From the September/October 2018 issue of The Horn Book Magazine.

Roger Sutton About Roger Sutton

Roger Sutton has been the editor in chief of The Horn Book, Inc, since 1996. He was previously editor of The Bulletin of the Center for Children's Books and a children's and young adult librarian. He received his M.A. in library science from the University of Chicago in 1982 and a B.A. from Pitzer College in 1978. Follow him on Twitter: @RogerReads.

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  1. Sam Juliano says:

    “But in its announcement of the name and criteria changes, I do wish ALSC could have at least thrown a bone in Wilder’s direction. To change the name and terms of the award is one thing, but surely ALSC could have shown more respect to its own history and its contemporary membership to say, “Yes, there are some great things about the Little House books: their attentiveness to an authentically childlike viewpoint, their simply but evocatively sketched settings, their presentation of history lived. There was a reason we named the award for her.”

    I am in complete and passionate agreement with this passage and indeed with just about this entire post. But Wilder is a children’s literature icon, one who has moved fountains in classrooms for many decades and she deserves every bit of consideration voices so eloquently here.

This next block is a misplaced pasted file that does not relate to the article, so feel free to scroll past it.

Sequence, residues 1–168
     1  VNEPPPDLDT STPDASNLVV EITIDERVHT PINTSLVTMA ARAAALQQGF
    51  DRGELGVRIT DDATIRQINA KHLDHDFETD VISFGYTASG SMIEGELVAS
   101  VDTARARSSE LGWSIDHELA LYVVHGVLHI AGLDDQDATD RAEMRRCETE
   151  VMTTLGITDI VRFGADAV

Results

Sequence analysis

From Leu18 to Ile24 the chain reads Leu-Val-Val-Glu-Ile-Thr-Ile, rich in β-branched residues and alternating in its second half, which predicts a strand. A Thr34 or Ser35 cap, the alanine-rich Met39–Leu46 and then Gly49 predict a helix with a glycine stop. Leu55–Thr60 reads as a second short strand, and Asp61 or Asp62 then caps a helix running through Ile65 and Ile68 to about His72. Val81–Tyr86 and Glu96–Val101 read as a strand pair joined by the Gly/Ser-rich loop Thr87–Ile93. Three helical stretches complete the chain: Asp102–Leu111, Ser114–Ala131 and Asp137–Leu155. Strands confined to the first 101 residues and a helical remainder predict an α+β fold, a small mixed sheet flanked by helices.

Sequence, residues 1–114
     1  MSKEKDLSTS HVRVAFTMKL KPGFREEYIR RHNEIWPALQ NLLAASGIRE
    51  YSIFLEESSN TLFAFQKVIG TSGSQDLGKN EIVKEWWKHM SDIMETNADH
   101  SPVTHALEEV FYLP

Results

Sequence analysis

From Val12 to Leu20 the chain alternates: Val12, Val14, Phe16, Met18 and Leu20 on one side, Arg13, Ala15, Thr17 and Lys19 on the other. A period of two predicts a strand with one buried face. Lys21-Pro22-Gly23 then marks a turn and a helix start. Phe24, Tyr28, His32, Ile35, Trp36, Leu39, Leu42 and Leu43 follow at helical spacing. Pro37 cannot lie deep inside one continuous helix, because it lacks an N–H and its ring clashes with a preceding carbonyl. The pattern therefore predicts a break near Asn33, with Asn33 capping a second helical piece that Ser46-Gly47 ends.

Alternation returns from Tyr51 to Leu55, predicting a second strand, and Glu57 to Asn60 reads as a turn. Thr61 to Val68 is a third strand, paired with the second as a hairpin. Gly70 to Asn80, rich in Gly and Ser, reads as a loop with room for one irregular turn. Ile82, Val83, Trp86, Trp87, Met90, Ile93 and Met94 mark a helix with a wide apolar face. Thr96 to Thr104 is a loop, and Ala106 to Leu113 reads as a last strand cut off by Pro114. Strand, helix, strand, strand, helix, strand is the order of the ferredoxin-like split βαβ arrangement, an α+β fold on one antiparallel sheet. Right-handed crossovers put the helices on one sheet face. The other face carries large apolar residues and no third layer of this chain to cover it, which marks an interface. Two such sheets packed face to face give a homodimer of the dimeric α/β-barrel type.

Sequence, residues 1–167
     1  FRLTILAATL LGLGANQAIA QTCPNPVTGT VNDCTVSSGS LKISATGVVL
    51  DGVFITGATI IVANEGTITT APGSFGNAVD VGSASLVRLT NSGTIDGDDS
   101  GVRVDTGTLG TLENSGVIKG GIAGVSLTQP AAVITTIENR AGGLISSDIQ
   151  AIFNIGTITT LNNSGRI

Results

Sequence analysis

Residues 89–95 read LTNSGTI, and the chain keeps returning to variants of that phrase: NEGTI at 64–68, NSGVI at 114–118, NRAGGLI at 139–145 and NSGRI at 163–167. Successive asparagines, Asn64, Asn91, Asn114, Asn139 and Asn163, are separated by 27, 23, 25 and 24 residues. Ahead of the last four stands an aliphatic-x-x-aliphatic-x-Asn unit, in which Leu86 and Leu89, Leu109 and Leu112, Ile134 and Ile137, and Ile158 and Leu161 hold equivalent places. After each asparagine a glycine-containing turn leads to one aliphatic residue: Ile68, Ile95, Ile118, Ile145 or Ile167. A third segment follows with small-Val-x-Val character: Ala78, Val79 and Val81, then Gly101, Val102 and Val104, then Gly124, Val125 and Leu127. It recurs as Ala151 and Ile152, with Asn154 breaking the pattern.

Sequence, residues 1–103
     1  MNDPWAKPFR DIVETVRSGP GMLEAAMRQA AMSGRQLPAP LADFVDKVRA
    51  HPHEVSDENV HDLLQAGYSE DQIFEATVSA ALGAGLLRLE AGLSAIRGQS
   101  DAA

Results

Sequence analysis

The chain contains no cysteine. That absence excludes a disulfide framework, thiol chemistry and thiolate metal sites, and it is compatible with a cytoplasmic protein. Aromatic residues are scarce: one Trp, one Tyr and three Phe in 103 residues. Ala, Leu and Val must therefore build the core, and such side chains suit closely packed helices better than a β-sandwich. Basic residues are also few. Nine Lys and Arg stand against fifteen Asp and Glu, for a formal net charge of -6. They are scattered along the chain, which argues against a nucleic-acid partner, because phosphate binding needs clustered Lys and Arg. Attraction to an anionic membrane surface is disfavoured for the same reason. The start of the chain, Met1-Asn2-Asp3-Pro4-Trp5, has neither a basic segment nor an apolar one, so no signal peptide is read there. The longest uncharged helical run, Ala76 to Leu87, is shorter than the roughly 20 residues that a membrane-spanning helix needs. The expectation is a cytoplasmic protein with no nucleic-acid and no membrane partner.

2. Thank you for your editorial about a very divisive issue. I am more ambivalent about the award’s name change, specifically about the decision to make it effectively retroactive, rather than creating a new award. I, too, wish that the ALSC had made a statement about the value of Wilder’s work, but, as the saying goes, the decision to remove her name from the award was a feature, not a bug. Although the ALA did not advocate censorship, many of the strongest proponents of the name change explicitly called for replacing Wilder’s work, which they see as irredeemable. They advocated for the need to eliminate Wilder’s works in articles, blogs, and comments, from The New York Times to School Library Journal. You have pointed out here, and in past blogs, that conviction about which books will hurt which readers are sometimes misplaced. I would add that historical context always matters. If it did not, we could not enjoy almost any work of literature written before the twenty-first century, because most are riddled with prejudice: racism, misogyny, anti-Semitism, homophobia. We have to read critically and grapple with those painful realities. I have been rereading all Wilder’s works and I am struck by their complexity. There is ignorance and repugnant racism, but also poetry, incredible historical detail, and a window into the mind of a child. Sometimes Laura subverts the beliefs of the adults around her, even questioning their hatred of Indians. At one point, when she persists in asking her parents why Indians would not be angry at the appropriation of their land, Pa silences her with a stern “No more questions…Go to sleep.” Finally, I am very concerned that the next time a local library or school district confronts demands to remove books about immigrants, gay teens, or religious minorities, they will find a model in the argument that the books are hurtful or irrelevant to their community.